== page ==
i have yet another question for the unreal community regarding assets, lets say a game has being classed abandon ware, meaning the company that owns the game no longer cares what happens to it, can i dismantle a few things such as 3d models and all sorts of junk and import it into unreal or another engine to be used later in a game project or to add to another asset ect i know people do this but can i do it legaly and not have to worry about a law suite down the track. any thoughts at all unreal community ?.
The only situation where you don’t have to worry about the legal status is where you clearly have legal rights to the assets. This means you have a contract with the company or they have released them under a license that gives you the permissions you need.
There’s no such thing as abandonware. It’s a name made up by people who want to think they have the right to something that they don’t. The companies still own the rights, they can still use the rights, they can still sell the rights. There’s never a time when you’re in the clear just because they don’t appear to be using their rights.
William is right. They aren’t doing anything with the game because they don’t think it will make them enough money to make the effort.
As soon as they see a game using their assets, it will just take a single lawyers letter, and they have you bang-to-rights to the tune of [enter currency here][enter amount here].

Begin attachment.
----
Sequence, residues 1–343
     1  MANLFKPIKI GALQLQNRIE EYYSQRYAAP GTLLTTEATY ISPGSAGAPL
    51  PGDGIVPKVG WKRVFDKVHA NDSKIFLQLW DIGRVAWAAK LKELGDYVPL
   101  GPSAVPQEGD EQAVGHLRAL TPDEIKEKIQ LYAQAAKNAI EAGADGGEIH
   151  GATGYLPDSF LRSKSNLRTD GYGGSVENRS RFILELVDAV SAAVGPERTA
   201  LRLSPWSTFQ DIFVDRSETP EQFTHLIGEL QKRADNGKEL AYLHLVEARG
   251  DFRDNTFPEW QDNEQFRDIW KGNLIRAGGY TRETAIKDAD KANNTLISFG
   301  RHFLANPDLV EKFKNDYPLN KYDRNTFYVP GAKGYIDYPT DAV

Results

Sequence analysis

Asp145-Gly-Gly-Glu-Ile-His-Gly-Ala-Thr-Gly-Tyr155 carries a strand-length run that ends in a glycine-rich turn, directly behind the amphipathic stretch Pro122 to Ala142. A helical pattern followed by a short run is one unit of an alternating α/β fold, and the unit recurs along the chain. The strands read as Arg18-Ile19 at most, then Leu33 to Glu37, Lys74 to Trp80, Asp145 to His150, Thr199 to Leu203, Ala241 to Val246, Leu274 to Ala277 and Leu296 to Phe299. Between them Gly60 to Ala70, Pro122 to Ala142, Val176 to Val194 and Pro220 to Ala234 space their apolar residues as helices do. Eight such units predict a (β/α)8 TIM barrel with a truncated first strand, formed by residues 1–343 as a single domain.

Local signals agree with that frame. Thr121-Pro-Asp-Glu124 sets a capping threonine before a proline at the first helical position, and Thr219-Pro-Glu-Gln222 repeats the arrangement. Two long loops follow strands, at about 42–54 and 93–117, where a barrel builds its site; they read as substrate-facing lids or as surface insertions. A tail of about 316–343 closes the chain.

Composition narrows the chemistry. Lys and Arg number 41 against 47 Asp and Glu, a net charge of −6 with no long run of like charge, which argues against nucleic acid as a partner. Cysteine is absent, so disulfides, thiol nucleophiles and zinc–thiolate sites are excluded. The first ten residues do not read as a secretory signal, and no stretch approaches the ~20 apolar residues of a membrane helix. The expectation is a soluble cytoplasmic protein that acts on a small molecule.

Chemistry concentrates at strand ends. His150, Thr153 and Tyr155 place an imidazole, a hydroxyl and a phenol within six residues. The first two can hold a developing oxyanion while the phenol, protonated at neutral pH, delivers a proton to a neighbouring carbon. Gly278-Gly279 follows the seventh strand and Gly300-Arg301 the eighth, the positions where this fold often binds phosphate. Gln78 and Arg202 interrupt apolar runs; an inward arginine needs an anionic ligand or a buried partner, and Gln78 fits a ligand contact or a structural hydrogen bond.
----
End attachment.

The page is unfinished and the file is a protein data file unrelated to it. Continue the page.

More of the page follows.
Someone still owns those assets. and it isn’t you.
- Going to internet forums for legal advice? Probably not the best source for that.
- There’s no legal recognition of “abandonware”, at least in US and Int’l IP law. There was a push a few years ago to let things move into the public domain if, for example, the owner of rights is a legal entity that has been dissolved. It was not successful. Even if the company isn’t around, there are likely successors in interest who could go after you. Will they? Totally depends, but you’re definitely at risk using someone else’s IP.
Now, there are situations where you might be okay. There are legally recognized exception to copyright, such as fair use and parody, but I doubt any of them will apply to your case and few of them are bright-line and free of risk.